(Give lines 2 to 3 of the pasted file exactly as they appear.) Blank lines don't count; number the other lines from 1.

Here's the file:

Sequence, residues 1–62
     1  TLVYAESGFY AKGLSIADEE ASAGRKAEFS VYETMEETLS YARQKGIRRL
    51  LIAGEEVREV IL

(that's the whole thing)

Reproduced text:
     1  TLVYAESGFY AKGLSIADEE ASAGRKAEFS VYETMEETLS YARQKGIRRL
    51  LIAGEEVREV IL